Court hearing concluded in five hours, yet legal aid bill topped £45,000
A court hearing scheduled to last five days but which ended up taking less than five hours cost the taxpayer almost £50,000, it has been revealed.
The case has been flagged up as an example of waste in the judicial system and comes amid ongoing controversy over Northern Ireland's multi-million pound annual legal aid bill.
It related to murder and attempted murder charges involving five individuals linked to the killing of Dungannon man Eamonn Hughes.
The five appeared in court for a mixed committal hearing – more commonly known as a preliminary inquiry – which is a hearing prior to a case transferring from Magistrates Court to Crown Court for trial.
Defence lawyers for four of the accused sought a preliminary inquiry because they took issue with aspects of evidence supplied by 13 prosecution witnesses.
The defence informed the court five full days would be required to allow evidence from the 13 to be heard.
A week was set aside for the hearing, judicial cover was secured for the regular Magistrates sittings and additional court staff deployed.
But on the first morning the defence said it only required five of the original 13 witnesses – and this was later reduced to four.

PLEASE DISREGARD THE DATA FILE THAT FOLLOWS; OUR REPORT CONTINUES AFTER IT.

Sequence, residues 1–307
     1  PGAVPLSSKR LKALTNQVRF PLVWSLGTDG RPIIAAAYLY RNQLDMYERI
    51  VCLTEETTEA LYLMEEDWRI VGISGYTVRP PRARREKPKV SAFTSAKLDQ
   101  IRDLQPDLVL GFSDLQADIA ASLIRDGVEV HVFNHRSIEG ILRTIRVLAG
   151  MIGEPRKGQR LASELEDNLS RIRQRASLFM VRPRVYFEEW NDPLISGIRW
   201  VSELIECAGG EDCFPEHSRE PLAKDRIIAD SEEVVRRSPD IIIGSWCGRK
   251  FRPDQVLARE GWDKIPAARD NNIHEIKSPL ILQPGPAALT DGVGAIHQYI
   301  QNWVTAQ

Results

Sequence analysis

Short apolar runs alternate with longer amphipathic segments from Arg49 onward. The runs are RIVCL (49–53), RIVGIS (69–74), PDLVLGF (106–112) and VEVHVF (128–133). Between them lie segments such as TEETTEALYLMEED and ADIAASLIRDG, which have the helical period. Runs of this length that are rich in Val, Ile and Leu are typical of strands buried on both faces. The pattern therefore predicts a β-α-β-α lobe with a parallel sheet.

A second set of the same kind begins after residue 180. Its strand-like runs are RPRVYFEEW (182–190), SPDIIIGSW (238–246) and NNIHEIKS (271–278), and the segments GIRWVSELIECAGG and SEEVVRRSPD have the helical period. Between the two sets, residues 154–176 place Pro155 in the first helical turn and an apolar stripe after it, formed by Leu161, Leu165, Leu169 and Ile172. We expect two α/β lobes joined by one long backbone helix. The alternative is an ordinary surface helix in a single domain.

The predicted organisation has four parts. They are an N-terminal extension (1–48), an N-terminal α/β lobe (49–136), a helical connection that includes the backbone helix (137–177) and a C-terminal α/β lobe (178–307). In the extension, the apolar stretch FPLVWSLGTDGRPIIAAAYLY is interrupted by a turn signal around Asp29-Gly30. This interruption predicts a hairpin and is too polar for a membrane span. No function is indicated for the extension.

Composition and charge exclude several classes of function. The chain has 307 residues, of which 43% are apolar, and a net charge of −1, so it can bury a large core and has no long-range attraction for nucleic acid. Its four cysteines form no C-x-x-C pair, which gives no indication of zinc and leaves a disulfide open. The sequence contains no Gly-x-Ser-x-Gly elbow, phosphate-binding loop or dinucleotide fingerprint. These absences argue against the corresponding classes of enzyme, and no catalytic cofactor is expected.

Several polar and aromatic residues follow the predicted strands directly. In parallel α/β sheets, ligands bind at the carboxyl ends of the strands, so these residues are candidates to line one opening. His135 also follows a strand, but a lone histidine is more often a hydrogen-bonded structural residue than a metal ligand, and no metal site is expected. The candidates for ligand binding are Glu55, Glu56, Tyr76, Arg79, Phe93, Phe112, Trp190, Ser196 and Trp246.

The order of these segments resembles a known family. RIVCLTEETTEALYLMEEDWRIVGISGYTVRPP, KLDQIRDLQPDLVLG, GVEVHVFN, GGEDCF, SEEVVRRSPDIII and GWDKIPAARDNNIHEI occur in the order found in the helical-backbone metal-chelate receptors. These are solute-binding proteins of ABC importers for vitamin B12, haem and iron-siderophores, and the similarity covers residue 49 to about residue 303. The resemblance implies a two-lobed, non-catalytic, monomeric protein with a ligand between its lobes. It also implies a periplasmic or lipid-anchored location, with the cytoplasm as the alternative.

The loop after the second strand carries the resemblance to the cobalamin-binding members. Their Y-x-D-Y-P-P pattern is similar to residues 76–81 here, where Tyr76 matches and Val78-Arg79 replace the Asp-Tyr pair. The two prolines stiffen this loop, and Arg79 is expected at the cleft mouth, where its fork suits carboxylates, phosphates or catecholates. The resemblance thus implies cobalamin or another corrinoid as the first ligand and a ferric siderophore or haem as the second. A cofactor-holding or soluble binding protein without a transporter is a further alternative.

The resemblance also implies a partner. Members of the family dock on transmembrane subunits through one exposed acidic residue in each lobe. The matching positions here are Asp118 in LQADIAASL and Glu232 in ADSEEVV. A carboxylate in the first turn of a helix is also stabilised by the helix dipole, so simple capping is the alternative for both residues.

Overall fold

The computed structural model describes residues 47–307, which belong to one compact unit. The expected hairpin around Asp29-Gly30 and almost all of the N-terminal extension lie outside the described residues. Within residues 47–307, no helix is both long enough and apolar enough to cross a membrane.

It later transpired that none of the accused were actually objecting to the case going to trial.
The hearing concluded at 3.25pm on the same day it opened – leaving the taxpayer with a massive bill.
It has now emerged the short hearing cost morethan £48,000 – including £45,000 legal aid.
Other costs incurred were £1,591 for the prosecution, £1,567 for judicial and staff cover and £240 for courtroom costs.
DUP peer Maurice Morrow (left), who obtained the figures in an Assembly question, said answers were needed. He said: "When the defence was asked why it had required all the witnesses to be in attendance, it replied: 'For good and sufficient reasons'.
"I am anxious to know these reasons.
"I refer to a line within the judgment by District Judge John Meehan stating the committal process which was scheduled to tie up the court for five days 'for no reason which could be explained to the court, and for no discernible advantage to the defence, but as of a right'.
"For some time I have been calling on the Minister for Justice to abolish this type of hearing which are costly to the public purse and serve little or no purpose.
"Issues such as challenging evidence can be adequately dealt with at Crown Court pre-trial.
"The fact the accused in this case were not even objecting to the prosecution's view that there was enough evidence to go to trial raises extremely serious questions, which the minister must examine.
"However, I welcome a recent response from the minister confirming he is indeed planning the abolition of these hearings.
"When the public are picking up the bill it is wholly appropriate they are fully informed of what they are paying for and why.
"I am calling on the minister to look into this particular case and the subsequent ruling, which speaks volumes."
Costs incurred in five-hour hearing:
Legal Aid: £45,015
Court (judiciary and staff costs): £1,567